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Domain Driven Design in the Browser - Cameron Edwards

  1. Domain Driven Design in the Browser Better Living through Software Modeling
  2. The job of software is to solve problems having to do with a particular domain.
  3. What’s a Domain? A domain is an area of expertise. It could be a industry field, like accounting, or a subject of interest, like penguins.
  4. Matchmaking OkCupid
  5. Social Networking Facebook
  6. Data Analysis SumAll
  7. Graphic Design Photoshop
  8. Research EasyBib
  9. Successful software starts with a focus on the domain.
  10. How do I “focus on the domain?”
  11. First, seek understanding from domain experts. They know more than you do. experts are sometimes known as “business stakeholders” or “product
  12. Who is an expert in my domain?
  13. Matchmaking These people (shadchanim)
  14. Social Networking This guy.
  15. Data Analysis George Box (a famous statistician)
  16. Graphic Design David Carson
  17. Research Allison “I Know a Lot About Research” Cloyd
  18. Next, create a model of the domain that you can use in your software.
  19. What is a model?
  20. A blueprint of the domain that exists in the mind of the developer.
  21. 0100101111010101 0010010101010101 0010100101010101 0010101010100010 0100101010101010 1000100100100000 1110101010101000 1010111011010101 1010100100100011 0100000011101010 1010100000101010 1001101001010111 0100101011010101 0101010101010101 0101000111000111 1001001100101010 1010001010101011 1011010101001010 1001010101000000 study research hypothesis control group experiment conjecture theorem law theory evidence abstract introduction premise discussion findings conclusion footnotes citations reference explanation methodology thesis support database explication essay news opinion book source review peer editor commentary empirical history case
  22. Some common misconceptions about the model
  23. The model is not source code. You have code that reflects the model, and it contains words that come from the model. But code is just an implementation of the model. The model exists in the mind of the developer.
  24. The model is not the database. Some of the data associated with the model is in the database. And the database schema is another implementation of the model. But the model encompasses all of the domain logic AND data, and it exists in the mind of the developer.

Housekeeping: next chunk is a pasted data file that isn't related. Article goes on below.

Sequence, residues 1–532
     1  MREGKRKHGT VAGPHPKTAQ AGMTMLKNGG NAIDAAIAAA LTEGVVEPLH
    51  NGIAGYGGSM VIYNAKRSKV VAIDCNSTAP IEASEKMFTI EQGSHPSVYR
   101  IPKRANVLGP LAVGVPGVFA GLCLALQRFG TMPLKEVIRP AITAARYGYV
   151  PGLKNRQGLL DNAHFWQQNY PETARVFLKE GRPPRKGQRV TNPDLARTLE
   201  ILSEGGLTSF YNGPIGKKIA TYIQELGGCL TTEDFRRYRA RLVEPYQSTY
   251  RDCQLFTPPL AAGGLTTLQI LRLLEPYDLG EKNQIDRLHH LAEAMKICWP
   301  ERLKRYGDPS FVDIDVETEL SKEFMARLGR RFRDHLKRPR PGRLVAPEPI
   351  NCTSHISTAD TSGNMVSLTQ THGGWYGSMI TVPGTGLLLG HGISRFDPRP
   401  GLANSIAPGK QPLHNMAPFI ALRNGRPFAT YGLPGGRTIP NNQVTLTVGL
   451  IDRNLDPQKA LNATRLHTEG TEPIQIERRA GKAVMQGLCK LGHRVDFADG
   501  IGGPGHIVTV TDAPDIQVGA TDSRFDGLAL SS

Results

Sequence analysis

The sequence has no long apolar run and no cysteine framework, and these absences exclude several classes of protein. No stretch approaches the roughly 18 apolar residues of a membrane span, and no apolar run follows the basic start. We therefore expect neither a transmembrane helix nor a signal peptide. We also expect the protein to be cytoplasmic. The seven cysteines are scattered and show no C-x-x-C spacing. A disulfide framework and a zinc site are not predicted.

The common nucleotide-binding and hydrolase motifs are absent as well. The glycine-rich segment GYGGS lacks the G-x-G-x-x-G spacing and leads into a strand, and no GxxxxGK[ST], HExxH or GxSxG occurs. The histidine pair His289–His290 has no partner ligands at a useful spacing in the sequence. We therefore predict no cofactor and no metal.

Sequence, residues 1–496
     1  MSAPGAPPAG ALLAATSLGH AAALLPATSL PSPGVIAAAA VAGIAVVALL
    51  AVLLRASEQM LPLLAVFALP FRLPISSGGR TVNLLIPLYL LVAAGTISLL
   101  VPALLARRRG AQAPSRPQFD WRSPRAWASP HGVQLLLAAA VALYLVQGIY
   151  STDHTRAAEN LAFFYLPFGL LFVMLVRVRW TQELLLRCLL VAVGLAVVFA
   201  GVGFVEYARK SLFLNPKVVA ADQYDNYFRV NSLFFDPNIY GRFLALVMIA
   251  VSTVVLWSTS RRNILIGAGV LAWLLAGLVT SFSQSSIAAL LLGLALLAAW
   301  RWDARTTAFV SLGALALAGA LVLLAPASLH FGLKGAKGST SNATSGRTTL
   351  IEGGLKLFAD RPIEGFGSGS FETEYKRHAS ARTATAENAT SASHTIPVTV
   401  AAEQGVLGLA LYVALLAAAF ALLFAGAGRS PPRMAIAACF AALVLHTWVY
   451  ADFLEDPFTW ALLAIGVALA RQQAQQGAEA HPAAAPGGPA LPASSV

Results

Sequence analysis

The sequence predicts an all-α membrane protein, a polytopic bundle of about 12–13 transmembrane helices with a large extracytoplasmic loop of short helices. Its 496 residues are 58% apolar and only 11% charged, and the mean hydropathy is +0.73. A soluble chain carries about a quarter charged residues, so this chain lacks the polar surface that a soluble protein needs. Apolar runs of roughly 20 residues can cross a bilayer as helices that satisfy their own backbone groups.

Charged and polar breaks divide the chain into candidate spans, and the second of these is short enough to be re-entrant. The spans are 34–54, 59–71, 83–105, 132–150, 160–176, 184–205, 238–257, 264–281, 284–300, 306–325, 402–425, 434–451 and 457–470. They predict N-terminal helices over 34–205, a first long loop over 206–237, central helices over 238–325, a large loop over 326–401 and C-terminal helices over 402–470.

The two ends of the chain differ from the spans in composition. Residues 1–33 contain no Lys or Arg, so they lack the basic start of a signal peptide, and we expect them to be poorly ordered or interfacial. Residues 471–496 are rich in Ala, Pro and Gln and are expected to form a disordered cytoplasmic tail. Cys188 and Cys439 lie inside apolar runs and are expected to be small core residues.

25. The model is not a diagram A diagram is just a picture of the model. The model itself exists in the mind of the developer.
  26. Some perks of using a model
  27. Ubiquitous Language
  28. Scalably Handling Complexity
  29. Manageable Knowledge Sharing
  30. How do I translate the domain expert’s knowledge into a model?
  31. 1.Verbal Communication 2.Diagramming 3.Use Cases
  32. The Stuff that Models are Made Of
  33. Entities Objects with a unique, persistent identity We track this identity using a key or a combination of properties
  34. Some examples of entities: Entity Type Identifier • Person/User Email • Bank Account Account # • Shipping Route Id • Book ISBN
  35. Value Objects Second class objects with no identity, just value Value objects are always properties of entities They’re immutable: they’re usually only changed by replacement
  36. Name
  37. Factories The job of factories is to make entities
  38. Printer
  39. Services Services are the verbs of an application. Their state doesn’t matter so much. They have a job to do.
  40. CitationService
  41. CitationService.formatBook(string title, CiteStyle style) 1. Call the WorldCat API to get publication info about the book. 2. Pass the WorldCat response object to BookFactory.fromWorldCat() 3. For analytics, pass the Book object to BookRepository and call 4. Using the name of the CiteStyle, pass the Book to a ViewFactory for formatting and return the View.
  42. Repositories The persistence layer Buckets for data
  43. Some Benefits of Repositories • A repository is an interface, so you can read and write persistent data without knowing where it’s going. You can say and it might read from a REST API, web sockets, local storage, or even memory. • That’s why a repository is called a Persistence Abstraction Layer.
  44. Layered Architecture
  45. Application Domain Utilities
  46. Application Layer • Views • RequestControllers (traditionally called “Controllers”) • ViewModels • Assets - CSS, JavaScript, images • UI Details - UIControllers, Data Bindings • Any other application-specific logic (console applications, cron tasks, etc.)
  47. Domain Layer • Entities • Factories • Services • Repositories • Any other domain-specific logic that’s reusable across applications
  48. Utilities Layer • Libraries - Math Utilities, CSV Parsers, DOM Selection Utilities, Data Structure Helpers, ORM Tools • Frameworks - Backbone, Symfony, Rails, Django • Anything that’s reusable across domains
  49. Some Rules for Layered Architecture
  50. Information flows one way: up
  51. References Objects in one layer can refer to objects in any lower layer. Objects in one layer can refer to objects in that same layer. Objects in one layer CANNOT REFER TO OBJECTS IN A HIGHER LAYER.
  52. Let’s Get Some Practice For some more good reading, go to uploads/DomainDrivenDesignQuicklyOnline.pdf Or check out Eric Evans’ Book, Domain Driven Design
  53. In This Presentation • See the working app: • GraphJS: • entity-context: Contributors wanted!